La Alma by Emanuel Martinez, 1978, La Alma Recreation Center

National Trust Press Release

Community Murals Across Colorado by Chicano/a Artists
Named Among America’s 11-Most Endangered Historic Places

Disappearing Murals are Causing Coloradan Heritage and Cultural Identity to Vanish

DENVER — May 4, 2022 —  On the eve of Cinco de Mayo, the National Trust for Historic Preservation named the historic Chicano/a/x Community Murals of Colorado across the state to its 2022 list of America’s 11 Most Endangered Historic Places. The Chicano/a/x community murals illuminate an often untold, overlooked, or erased history in cities where Hispanos, Chicanos, and Mexican Americans were key to their development. Although the exact number is unknown, it is believed that more than 40 historic Chicano/a/x community murals exist across the state of Colorado, including the Denver region, Greeley, Pueblo, and San Luis.

Chicano/a/x Murals of Colorado Project (CMCP) nominated these heritage murals to the “11 Most” list, due to increasing threats including rapidly gentrifying neighborhoods in communities across Colorado and a lack of legal protections that put murals at high risk of destruction and erasure. Colorado’s harsh climate can also cause deterioration and fading that threatens murals. As muralists of the Chicano movement age or pass away, there is limited time to restore original murals, and some have already been lost or painted over.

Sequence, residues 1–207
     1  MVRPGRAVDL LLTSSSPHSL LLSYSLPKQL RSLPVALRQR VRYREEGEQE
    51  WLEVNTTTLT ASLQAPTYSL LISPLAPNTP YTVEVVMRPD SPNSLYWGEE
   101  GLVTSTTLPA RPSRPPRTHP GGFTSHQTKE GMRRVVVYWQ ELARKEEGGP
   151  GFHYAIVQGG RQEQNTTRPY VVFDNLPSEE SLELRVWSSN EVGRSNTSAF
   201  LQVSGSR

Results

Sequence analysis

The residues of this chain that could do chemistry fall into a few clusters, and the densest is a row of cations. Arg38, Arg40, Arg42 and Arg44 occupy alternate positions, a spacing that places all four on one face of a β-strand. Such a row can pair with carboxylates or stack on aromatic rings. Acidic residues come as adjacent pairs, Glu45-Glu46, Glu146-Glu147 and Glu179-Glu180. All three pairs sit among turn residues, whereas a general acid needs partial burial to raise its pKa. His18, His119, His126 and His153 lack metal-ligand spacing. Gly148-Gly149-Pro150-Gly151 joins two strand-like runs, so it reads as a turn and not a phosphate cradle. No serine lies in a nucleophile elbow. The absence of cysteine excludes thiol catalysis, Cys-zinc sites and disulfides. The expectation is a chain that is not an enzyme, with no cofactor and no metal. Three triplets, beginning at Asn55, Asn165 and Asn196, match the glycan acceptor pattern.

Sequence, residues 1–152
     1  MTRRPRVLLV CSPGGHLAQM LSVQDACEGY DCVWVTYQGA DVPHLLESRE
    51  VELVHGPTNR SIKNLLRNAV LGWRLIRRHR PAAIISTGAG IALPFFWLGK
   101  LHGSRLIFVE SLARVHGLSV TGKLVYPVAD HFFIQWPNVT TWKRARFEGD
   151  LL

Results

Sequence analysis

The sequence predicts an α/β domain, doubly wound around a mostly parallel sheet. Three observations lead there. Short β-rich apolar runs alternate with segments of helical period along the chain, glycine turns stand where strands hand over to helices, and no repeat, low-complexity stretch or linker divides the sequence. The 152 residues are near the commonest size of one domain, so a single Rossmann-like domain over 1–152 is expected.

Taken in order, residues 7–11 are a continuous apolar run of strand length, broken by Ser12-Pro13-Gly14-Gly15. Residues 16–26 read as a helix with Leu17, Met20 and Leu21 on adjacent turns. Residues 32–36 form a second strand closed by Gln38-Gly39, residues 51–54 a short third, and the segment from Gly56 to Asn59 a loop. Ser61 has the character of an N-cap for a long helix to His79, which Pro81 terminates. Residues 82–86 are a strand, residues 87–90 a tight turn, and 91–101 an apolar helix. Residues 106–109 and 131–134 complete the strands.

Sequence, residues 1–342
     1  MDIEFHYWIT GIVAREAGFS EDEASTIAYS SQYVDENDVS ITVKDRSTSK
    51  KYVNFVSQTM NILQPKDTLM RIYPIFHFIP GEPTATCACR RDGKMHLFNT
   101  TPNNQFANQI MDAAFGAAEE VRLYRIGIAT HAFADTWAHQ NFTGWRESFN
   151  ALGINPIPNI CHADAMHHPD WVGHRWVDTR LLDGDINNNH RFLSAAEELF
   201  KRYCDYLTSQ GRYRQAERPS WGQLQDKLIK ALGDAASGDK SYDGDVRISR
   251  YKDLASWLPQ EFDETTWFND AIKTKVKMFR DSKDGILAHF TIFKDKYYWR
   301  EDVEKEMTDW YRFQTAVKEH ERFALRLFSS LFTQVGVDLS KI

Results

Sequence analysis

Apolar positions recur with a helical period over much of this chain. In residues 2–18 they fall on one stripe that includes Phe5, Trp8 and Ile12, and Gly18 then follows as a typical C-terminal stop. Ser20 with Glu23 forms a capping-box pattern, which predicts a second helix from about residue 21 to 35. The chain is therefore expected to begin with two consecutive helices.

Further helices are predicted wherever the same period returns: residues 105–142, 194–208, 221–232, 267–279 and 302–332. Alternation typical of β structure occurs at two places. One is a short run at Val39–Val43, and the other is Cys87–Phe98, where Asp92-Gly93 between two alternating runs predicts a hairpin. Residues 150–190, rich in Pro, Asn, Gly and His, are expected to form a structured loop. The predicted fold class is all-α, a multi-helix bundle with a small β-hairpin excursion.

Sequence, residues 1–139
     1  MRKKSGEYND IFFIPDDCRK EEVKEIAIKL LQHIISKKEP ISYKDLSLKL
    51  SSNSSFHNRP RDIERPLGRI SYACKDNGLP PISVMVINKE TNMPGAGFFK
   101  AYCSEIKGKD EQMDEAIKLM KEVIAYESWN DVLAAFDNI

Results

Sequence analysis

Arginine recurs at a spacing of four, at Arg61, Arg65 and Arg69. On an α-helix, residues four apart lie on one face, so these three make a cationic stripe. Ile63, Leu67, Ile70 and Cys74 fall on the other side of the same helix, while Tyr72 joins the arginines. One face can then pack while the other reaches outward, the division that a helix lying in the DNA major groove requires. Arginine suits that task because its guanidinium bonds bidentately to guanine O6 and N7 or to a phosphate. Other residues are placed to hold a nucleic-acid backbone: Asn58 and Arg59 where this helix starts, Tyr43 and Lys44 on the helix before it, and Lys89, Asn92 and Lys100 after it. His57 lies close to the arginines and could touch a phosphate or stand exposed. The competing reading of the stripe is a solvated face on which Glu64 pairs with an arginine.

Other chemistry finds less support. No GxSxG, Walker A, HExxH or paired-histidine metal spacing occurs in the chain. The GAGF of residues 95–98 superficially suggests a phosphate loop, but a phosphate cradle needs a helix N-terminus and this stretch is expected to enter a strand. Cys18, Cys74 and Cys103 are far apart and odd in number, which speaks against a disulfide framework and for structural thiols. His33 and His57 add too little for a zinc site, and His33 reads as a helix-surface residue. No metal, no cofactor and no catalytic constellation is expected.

As a part of its efforts to preserve these murals, CMCP sought support from local partners at History Colorado’s State Historic Preservation Office, non-profit Historic Denver, and the City and County of Denver’s Landmark Preservation staff. To make its case to be on the 11 Most list, CMCP highlighted a representative sample of five Chicano/a/x community murals they are seeking to protect and preserve, in addition to many others.

This is the first time the National Trust has included murals on the 11 Most Endangered list, and it reflects the growing commitment of the Preservation Movement to include places that reflect the diversity of the nation. Previous Colorado designees to the 11 Most Endangered Historic Places list include Mesa Verde National Park, Denver’s Larimer Square, the Valley Floor of Telluride and the towns of Central City and Black Hawk. Concludes Malone-France, “By focusing greater awareness on these community landmarks, we can encourage their protection and preservation for generations to learn from and celebrate.”

Untitled by Leo Lucero, 1978, Plaza Verde Park, Pueblo
The Chicano/a/x Community Murals of Colorado represent the Hispano history and culture of the Chicano/a/x people of Colorado. They were inspired by the Civil Rights Movement of the 1960s and 70s, which used art as a means to educate young people and citizens-at-large about the significant contributions of Hispanos, Chicanos, Mexican Americans, and Latinos to American society. The Chicano Movement seeks to address civil rights, land rights, labor rights, educational equity and equal representation, and artist-activists have helped to create murals in Latinx neighborhoods to inspire pride and strengthen community.